Pharmacies warned, withholding pills that could cause abortion violates federal law

The Biden administration issued a warning to pharmacies Wednesday, saying that denying women access to reproductive health medications is a violation of federal civil rights laws. 

On Wednesday, the Department of Health and Human Services issued a warning to some 60,000 pharmacies nationwide. It stated pharmacies which receive federal funding cannot deny women access to reproductive health prescriptions or contraceptives.

"They're saying that you would be discriminating against women if you were to fail to provide these services to women on the basis of their pregnancy," said UC Hastings law professor David Levine.

Levine says concerns have arisen over the patchwork of state laws, some of which ban abortions or allow people to file civil lawsuits suing health care providers over abortions.

Some medications that could be in question are also prescribed for other conditions such as ulcers, rheumatoid arthritis, or to help women who have had a miscarriage. There is also concern about pharmacies limiting access to can be used for abortions.

Weeks after the Supreme Court overturned Roe v. Wade, rallies for reinstating abortion rights continue. Dozens of people attended a march and rally at UC Berkeley Wednesday afternoon, answering a call for a nationwide walkout and protest.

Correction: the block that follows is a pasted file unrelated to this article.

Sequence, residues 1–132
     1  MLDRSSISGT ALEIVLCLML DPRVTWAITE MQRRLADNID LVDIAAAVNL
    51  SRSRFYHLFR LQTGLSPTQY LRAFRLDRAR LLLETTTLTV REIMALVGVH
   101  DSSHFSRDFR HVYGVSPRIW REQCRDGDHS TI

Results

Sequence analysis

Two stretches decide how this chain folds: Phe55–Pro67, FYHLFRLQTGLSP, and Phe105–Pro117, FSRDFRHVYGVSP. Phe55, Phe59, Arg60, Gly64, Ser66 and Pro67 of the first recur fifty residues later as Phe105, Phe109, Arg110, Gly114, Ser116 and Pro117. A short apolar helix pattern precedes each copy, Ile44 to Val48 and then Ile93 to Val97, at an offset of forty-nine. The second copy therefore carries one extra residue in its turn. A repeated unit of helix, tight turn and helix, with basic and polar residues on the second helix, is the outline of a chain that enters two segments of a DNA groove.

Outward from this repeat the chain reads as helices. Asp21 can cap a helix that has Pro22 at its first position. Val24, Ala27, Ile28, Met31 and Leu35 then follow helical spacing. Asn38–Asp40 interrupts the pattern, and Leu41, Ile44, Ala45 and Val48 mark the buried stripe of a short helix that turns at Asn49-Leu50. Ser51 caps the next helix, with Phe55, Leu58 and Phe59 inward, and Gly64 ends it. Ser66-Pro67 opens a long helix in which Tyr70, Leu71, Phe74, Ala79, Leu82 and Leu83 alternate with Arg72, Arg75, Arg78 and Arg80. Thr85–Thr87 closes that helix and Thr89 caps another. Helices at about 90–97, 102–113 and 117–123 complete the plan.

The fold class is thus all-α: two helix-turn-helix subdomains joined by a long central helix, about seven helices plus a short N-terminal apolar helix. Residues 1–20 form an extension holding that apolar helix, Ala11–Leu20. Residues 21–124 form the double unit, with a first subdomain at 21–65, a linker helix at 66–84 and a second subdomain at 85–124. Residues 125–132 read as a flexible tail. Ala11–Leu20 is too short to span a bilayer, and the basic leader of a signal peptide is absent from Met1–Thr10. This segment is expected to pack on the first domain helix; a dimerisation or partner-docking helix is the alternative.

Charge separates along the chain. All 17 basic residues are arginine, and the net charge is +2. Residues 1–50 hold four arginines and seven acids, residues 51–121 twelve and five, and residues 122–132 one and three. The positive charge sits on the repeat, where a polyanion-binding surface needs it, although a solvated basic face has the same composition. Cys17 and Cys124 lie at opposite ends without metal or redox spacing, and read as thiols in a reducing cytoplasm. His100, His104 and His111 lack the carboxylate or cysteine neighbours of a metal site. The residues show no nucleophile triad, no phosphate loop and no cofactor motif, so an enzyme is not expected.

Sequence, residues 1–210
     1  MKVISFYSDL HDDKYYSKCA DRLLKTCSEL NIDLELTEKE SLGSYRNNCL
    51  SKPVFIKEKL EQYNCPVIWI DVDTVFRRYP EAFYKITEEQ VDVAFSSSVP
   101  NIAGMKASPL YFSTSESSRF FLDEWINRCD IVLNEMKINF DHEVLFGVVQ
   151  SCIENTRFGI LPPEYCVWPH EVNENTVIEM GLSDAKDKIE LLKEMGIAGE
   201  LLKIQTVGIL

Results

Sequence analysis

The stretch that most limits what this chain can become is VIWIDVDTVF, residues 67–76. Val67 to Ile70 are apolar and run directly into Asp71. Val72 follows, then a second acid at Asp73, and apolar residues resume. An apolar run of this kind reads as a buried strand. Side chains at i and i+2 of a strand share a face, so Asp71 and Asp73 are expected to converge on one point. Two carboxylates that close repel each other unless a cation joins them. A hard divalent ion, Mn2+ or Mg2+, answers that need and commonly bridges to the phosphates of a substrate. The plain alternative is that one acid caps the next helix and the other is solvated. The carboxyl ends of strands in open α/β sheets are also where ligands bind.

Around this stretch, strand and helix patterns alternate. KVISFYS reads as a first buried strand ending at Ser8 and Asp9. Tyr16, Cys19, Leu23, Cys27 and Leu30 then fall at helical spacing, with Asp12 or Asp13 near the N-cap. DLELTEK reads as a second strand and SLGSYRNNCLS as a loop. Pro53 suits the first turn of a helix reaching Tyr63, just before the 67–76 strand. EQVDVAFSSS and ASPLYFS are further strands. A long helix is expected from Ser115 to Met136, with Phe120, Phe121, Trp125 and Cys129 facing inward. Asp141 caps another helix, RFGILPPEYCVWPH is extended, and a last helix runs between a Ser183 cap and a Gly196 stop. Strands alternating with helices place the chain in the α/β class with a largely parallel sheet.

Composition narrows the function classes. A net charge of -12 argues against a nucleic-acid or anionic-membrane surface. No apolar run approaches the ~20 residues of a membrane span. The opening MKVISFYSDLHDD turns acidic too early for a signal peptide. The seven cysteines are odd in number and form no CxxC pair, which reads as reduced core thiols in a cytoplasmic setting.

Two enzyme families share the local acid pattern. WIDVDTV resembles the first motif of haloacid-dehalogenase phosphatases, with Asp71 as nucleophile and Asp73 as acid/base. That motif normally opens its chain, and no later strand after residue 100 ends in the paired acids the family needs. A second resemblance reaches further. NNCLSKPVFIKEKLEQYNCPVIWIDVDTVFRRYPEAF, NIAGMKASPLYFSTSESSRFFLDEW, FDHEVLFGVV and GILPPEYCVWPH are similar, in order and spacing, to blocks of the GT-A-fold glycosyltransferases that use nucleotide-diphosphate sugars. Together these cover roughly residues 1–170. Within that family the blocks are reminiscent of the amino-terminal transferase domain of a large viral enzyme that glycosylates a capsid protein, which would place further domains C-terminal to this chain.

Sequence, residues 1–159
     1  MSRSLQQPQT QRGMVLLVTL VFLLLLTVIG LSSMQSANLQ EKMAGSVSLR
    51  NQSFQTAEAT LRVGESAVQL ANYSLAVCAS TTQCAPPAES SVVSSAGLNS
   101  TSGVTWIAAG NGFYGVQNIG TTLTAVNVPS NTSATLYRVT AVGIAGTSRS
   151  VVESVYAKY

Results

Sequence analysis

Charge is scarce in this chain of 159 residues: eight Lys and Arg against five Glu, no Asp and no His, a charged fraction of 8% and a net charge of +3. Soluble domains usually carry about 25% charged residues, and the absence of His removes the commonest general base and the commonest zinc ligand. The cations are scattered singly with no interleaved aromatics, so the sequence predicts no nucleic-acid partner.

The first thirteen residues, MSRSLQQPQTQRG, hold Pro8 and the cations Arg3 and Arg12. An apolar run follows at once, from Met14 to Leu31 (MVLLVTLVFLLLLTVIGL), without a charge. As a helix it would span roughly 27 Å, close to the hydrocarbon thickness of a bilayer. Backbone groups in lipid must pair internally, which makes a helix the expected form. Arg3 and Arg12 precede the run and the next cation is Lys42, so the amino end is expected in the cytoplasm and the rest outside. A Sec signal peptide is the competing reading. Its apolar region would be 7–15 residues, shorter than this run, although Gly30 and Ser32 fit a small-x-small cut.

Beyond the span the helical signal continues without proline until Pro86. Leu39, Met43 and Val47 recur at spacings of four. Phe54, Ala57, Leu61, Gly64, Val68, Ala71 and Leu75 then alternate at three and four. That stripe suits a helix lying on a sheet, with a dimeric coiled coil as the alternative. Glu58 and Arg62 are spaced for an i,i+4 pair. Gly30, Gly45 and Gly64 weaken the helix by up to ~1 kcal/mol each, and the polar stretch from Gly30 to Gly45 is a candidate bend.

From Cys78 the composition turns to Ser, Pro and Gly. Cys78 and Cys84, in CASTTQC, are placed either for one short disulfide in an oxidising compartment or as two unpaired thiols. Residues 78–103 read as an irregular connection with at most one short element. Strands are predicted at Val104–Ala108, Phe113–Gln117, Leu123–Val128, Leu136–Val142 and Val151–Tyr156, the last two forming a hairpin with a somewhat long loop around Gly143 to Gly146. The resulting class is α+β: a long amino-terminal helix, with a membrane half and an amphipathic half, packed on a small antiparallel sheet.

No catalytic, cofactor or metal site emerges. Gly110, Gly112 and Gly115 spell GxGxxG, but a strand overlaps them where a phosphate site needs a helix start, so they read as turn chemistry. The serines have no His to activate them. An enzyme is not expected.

"I used to never be a person who protested. I went here for undergrad, but I can't stand down anymore," said Shaili Patel, a U.C. Berkeley graduate student.

"People don't have access to their bodily autonomy anymore and that means...other people control them. And that's fundamentally wrong. It goes against the principles of free society," said Aidan Hill, a protestor from Berkeley.

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"I want people to call their senators and to vote for the women's reproductive rights act that's being voted on in the house on Friday," said Katie Walker, an Oakland resident who attended the rally.

Levine says the issue of prescriptions likely will face legal challenges and need to be settled in the courts.

"The pharmacist could have real concerns about being sued, being criminally prosecuted, so I see them being between a rock and a hard place," said Levine.